ICON EXPL shows the lowest SSI values with an area average of 164.7 W m−2 (Fig. 3a), much lower than PARAM with 191.6 W m−2 (Fig. 3b). We will see later in this paper that there is likely a direct connection between this and the much lower rainfall found in EXPL through an increase in vertical stability due to less sunlight reaching the ground. Evaluating this with observations is a challenge due to the many assumptions made in satellite-derived SSI and the few surface observations. CM SAF shows an overall similar pattern as the two ICON simulations but with systematically higher values inland and an area average of 204.3 W m−2 (Fig. 3c). This is clearly at odds with the ground stations and is likely due to the method of determining the range of minimum and maximum irradiance for the applied self-calibration. As cloudy pixels appear brighter than cloud-free ones for SEVIRI, the surface albedo is estimated from the lowest irradiance measurement found per pixel in a given time period. In SWA, however, it is often difficult to find cloud-free scenes, leading to an overestimation of surface albedo. Therefore, it suggests an unrealistically bright surface (see also the discussion of this problem in Hannak et al., 2017). In contrast, CERES does not seem to suffer from this problem due to a different retrieval strategy (Fig. 3d). The box-averaged SSI is 188.4 W m−2 and therefore very close to the ICON PARAM value, although with much less fine structure. Overall, this analysis demonstrates a significant observational uncertainty and suggests an overestimation of clouds in ICON EXPL leading to low average SSI, while ICON PARAM fields are more consistent with observations in this regard.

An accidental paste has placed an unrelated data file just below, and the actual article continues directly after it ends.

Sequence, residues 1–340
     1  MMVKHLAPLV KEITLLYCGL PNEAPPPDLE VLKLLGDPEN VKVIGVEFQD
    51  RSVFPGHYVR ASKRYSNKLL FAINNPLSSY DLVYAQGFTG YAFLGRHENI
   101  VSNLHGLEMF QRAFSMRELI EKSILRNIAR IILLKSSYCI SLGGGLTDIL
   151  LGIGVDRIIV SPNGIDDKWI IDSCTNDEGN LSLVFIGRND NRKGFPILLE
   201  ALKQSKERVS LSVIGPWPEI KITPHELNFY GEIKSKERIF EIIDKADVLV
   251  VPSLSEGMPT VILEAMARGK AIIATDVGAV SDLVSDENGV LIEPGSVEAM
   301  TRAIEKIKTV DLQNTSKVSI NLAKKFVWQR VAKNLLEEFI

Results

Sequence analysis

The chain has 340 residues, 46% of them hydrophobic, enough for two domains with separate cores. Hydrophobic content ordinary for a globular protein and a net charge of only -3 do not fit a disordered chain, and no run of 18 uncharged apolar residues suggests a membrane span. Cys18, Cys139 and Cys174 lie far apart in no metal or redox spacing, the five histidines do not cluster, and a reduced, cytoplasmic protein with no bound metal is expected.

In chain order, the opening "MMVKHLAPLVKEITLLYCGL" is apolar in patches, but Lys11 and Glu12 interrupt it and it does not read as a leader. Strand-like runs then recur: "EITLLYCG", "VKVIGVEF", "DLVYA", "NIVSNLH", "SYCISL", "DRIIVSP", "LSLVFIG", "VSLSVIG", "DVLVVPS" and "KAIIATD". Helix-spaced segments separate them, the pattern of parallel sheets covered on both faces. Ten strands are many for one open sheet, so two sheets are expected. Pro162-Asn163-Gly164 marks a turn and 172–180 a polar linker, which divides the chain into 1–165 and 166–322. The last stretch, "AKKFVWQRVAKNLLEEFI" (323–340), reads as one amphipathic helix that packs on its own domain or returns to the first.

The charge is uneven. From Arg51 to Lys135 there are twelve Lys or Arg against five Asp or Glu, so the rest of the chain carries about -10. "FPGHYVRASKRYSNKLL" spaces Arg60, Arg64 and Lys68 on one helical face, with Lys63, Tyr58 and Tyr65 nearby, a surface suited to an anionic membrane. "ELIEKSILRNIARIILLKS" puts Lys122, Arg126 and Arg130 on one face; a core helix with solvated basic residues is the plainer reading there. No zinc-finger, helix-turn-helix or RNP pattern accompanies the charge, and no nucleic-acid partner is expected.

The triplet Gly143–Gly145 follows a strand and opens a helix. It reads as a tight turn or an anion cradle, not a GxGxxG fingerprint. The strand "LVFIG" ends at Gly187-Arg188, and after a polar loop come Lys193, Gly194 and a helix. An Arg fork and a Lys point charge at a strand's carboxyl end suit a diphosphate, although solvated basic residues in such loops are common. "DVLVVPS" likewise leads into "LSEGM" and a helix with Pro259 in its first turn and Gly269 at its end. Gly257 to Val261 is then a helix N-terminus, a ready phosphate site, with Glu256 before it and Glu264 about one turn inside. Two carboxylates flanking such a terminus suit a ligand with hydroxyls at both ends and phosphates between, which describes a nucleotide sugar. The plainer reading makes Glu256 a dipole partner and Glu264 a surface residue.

The right panels in Fig. 3 show corresponding fields of OSR. Given that this quantity can be measured directly from satellite, it is no surprise that the agreement between the two observational datasets is much closer, apart from the obvious differences in resolution (Fig. 3g and h). Nevertheless, even here there is a non-negligible observational uncertainty with the area averages differing by 3.3 W m−2, corresponding to 2 %. There are many structural similarities to SSI (left panels of Fig. 3) but with the opposite sign, indicating that clouds suppress SSI but increase OSR due to their high reflectivity. Consistently, ICON EXPL shows the highest area-averaged OSR of 153.1 W m−2 (Fig. 3e). In contrast, ICON PARAM produces much lower values of only 130.6 W m−2 (Fig. 3f). Given an SSI similar to CERES, this suggests an overestimation of scattering on cloud droplets, i.e. biases in the amounts of cloud water or ice or their size distributions. This comparison reveals that the substantial differences between PARAM and EXPL found for precipitation also hold for cloud radiative effects and that the dissatisfying agreement with observations somewhat limits the quantitative interpretation of our sensitivity experiments.